Speaking on a visit to NATO headquarters in Brussels, Blinken said US President Joe Biden “believes the pipeline is a bad idea, bad for Europe, bad for the United States.”
He added that the project was ultimately “in contradiction” to the “security goals” of the 27-nation European Union.
He also said, as quoted by the Reuters news agency, that the contested pipeline “has the potential to undermine the interests of Ukraine, Poland and a number of close partners and allies.”
Blinken told reporters that a US law required the administration in Washington to impose sanctions on companies involved in the Nord Stream 2 project, Poland's PAP news agency reported.
Blinken was speaking on his first visit to NATO’s Brussels headquarters after becoming US secretary of state, ahead of a meeting of NATO foreign ministers in the Belgian capital.
'Action must be taken to stop this project': Polish deputy FM
Polish Deputy Foreign Minister Paweł Jabłoński welcomed Blinken’s statement, saying it “confirmed what Poland has been saying” about the Nord Stream 2 project “for a long time.”
“We hope that the Western world, both the United States and all EU and NATO countries, will be more decisive and consistent on this issue,” Jabłoński told Polish state news agency PAP in a comment.
“Action must be taken to stop this project, which is political and de facto military in nature—not a business project,” he added.
Paweł Jabłoński. Photo: PAP/Piotr Nowak
Poland’s top diplomat Zbigniew Rau, who was among those gathered for the NATO meeting in Brussels, last month called on US President Joe Biden to use all means at his disposal to stop Russia’s controversial Nord Stream 2 gas pipeline project.
In an opinion piece written jointly with Ukrainian foreign minister Dmytro Kuleba and published by the Politico news service, Rau said that the Nord Stream 2 project threatened to “violate Ukraine’s sovereignty and territorial integrity,” while “showing blatant disregard for international law.”
Polish Foreign Minister Zbigniew Rau. Photo: EPA/Adam Berry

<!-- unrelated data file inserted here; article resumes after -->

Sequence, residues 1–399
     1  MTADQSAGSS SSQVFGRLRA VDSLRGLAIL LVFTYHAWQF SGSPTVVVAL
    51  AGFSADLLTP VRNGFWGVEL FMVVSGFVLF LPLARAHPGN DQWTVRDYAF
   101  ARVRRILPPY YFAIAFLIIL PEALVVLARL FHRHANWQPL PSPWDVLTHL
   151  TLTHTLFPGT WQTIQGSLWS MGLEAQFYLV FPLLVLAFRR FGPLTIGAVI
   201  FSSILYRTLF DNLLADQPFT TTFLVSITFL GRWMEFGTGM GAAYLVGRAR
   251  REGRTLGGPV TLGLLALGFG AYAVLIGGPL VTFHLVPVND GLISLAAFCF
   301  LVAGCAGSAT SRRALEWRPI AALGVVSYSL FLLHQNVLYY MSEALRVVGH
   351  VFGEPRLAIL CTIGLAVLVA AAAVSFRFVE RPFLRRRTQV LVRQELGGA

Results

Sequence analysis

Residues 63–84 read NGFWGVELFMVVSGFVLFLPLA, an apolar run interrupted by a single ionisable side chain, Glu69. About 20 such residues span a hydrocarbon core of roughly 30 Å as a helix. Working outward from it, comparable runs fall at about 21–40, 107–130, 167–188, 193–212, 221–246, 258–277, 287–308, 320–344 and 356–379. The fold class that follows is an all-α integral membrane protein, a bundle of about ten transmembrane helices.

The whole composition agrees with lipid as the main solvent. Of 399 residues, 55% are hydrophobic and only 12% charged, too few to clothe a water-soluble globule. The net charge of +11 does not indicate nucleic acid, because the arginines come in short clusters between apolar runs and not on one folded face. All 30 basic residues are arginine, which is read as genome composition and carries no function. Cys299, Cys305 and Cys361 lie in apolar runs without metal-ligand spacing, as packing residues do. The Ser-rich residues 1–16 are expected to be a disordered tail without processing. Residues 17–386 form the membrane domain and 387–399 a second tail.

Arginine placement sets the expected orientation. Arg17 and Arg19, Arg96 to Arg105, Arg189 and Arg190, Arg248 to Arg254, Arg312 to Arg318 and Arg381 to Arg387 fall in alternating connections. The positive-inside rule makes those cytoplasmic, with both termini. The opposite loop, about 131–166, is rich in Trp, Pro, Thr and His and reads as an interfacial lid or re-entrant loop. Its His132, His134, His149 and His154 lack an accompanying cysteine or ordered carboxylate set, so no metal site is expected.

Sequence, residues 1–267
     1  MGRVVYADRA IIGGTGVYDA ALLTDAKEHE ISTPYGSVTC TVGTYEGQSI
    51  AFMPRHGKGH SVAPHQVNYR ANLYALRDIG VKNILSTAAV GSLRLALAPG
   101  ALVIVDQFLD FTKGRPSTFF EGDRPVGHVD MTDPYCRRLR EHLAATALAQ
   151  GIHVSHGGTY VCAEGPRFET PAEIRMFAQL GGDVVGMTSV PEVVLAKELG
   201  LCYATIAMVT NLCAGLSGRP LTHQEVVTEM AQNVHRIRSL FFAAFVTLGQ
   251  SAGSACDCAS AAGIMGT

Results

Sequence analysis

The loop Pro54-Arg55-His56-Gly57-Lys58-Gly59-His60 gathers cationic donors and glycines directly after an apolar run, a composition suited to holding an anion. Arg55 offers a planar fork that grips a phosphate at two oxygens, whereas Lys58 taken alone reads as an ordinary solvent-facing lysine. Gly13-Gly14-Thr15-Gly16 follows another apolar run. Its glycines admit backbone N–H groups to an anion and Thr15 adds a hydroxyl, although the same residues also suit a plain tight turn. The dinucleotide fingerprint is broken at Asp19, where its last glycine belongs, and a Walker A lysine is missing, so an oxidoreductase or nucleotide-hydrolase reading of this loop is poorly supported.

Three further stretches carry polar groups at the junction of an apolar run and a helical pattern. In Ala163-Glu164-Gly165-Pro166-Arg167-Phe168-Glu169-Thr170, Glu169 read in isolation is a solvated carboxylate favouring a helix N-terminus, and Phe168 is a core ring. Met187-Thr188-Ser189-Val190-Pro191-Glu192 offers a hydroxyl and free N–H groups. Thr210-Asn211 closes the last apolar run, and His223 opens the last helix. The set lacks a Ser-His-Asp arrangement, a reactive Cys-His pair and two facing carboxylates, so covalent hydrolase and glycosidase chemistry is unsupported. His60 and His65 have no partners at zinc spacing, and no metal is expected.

NATO foreign ministers are meeting in Brussels on Tuesday and Wednesday to set the stage for the alliance’s upcoming summit, according to the nato.int website.
On Tuesday, they are expected to debate the NATO 2030 initiative to “future-proof the Alliance.”
NATO Secretary-General Jens Stoltenberg said ahead of the meeting: “We must be bold and ambitious to build a stronger Alliance for the future, because we live in a more dangerous and competitive world, where challenges know no borders.”
NATO Secretary-General Jens Stoltenberg. Photo: Photo: EPA/YVES HERMAN
The foreign ministers are also expected to continue their consultations about NATO’s presence in Afghanistan and assess the alliance’s approach to the Middle East and North Africa.
On Wednesday, allies will be joined by partner nations Finland and Sweden as well as the EU’s top diplomat Josep Borrell for a discussion on Russia.
NATO's Stoltenberg said: “Russia continues to suppress peaceful dissidents at home, and display a pattern of aggressive behaviour abroad, including with cyber attacks and attempts to interfere in our elections and undermine our democracies.
"As an Alliance, we remain committed to our dual-track approach to Russia: strong deterrence and defence, combined with openness to meaningful dialogue, including on issues such as arms control.”
NATO foreign ministers are meeting in person in Brussels for the first time in more than a year, with strict health measures in place.
Nord Stream 2, designed to double the capacity of the existing Nord Stream undersea gas pipeline, is expected to send around 55 billion cubic metres of Russian natural gas a year directly to Germany under the Baltic Sea while bypassing the Baltic states, Poland and Ukraine.
Poland has strongly criticised the gas link amid concerns that the pipeline will make the European Union more dependent on Russian gas.
Poland’s minister for European affairs, Konrad Szymański, warned in an opinion piece last year that Nord Stream 2, if completed, would make Europe economically dependent on Russia.
In September, then-US Secretary of State Mike Pompeo said that America was working to build a coalition of countries to stop the gas link from being completed.
Polish Prime Minister Mateusz Morawiecki said last year that the Nord Stream 2 pipeline would allow Russia to buy weapons with European money.
Morawiecki has previously called Nord Stream 2 “a new hybrid weapon” aimed at the European Union and NATO.
Source: PAP, Reuters, nato.int
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